Orson Welles, Hollywood’s boy genius, brought his innovative approach which has, as Andre Bazin states in Orson Welles: A Critical View: “shaken the edifices of cinematic traditions”. One of the formal characteristics that he is most well known for is the use of long takes. Although the use of long takes was already established in film, as many of the first films had no edits, Welles incorporated long takes effectively in his films to overload scenes with activity adding more dramatic tension. The films that his formal characteristic stands out the strongest are two of his more popular films Citizen Kane and Touch of Evil. Orson Welles’ theatrical background and his love for painting are probably the greatest contributions to his
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For instance, during the scene of Citizen Kane in which young Charlie Kane’s future is being laid out for him, the audience watch his mother going over financial papers with the banker and Charlie’s future guardian in the foreground, Charlie’s father complains about his lack of control in the situation in the middle ground and deep in the background Charlie is seen through the far window playing in the snow unaware of the tragic twist that will affect his life. Seeing the different story elements all in one shot adds more dramatic tension, and even dramatic irony to the story.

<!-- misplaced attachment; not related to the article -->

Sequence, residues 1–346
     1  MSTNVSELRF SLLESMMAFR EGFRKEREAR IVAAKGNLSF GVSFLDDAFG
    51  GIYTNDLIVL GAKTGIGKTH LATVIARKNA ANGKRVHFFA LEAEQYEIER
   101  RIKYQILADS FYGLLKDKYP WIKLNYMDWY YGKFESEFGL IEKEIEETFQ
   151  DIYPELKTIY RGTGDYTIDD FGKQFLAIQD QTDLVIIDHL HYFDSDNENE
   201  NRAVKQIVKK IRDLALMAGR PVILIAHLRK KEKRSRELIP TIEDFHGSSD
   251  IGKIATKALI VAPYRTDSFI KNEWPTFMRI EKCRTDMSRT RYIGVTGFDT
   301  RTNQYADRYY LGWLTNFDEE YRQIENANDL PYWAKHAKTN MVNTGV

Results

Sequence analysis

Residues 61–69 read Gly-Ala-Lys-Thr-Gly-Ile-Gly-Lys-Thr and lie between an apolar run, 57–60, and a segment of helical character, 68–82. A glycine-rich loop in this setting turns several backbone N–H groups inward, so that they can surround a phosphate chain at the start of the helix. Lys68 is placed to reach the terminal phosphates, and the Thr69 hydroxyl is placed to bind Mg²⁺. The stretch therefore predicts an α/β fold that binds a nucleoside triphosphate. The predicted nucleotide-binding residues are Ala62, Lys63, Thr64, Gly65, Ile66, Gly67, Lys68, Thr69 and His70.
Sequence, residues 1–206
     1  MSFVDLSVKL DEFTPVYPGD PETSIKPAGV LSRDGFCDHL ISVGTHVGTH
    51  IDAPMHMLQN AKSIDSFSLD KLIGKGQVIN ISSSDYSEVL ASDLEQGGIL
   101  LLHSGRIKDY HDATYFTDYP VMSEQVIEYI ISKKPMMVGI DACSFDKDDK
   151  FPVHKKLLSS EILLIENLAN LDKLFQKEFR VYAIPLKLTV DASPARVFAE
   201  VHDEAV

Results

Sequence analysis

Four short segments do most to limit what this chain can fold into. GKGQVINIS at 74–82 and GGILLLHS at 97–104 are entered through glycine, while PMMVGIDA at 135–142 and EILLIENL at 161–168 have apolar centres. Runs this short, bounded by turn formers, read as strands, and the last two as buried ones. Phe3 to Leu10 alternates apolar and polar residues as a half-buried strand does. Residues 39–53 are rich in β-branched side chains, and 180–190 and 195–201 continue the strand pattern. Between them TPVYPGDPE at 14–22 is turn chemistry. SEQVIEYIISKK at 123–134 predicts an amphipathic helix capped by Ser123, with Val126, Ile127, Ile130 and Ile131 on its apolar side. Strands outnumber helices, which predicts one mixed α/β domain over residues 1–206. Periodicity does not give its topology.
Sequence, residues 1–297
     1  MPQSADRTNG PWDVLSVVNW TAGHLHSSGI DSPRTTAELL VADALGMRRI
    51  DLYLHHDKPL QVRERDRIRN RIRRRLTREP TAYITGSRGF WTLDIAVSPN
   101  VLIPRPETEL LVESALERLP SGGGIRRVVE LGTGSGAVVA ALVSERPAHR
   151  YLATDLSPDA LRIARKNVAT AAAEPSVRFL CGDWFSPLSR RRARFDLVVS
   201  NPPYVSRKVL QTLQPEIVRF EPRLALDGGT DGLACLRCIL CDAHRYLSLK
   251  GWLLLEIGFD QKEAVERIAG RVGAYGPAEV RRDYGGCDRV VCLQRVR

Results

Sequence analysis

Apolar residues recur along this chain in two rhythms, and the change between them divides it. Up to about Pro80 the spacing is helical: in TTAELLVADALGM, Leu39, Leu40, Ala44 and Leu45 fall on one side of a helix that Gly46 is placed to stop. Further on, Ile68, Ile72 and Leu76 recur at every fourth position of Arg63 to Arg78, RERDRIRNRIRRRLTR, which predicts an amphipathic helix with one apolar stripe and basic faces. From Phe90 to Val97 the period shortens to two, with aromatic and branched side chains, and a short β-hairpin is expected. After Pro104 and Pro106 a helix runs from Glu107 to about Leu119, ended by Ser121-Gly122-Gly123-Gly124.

In the film Touch of Evil, Welles returns to his use of long take and deep focus after returning to Hollywood’s machinery, crewmembers and big budget capable of supporting his innovative formal characteristic. Before then, Welles made movies in Europe and had to resort to using short takes due to lack of money and very few European crews being capable of performing the long takes. Welles opens the film with a 3 minute 30 second single shot that starts with a close-up of a bomb being placed in the trunk of the car before it drives off. Then the camera elevates and follows the occupants of the car, then follows the Vargas couple with the car returning to cross the US-Mexico border. Finally it ends with the Vargas couple kissing before the car explodes off screen. The use of the single long shot in this scene was effective in creating dramatic tension with the audience, showing Welles’ brilliance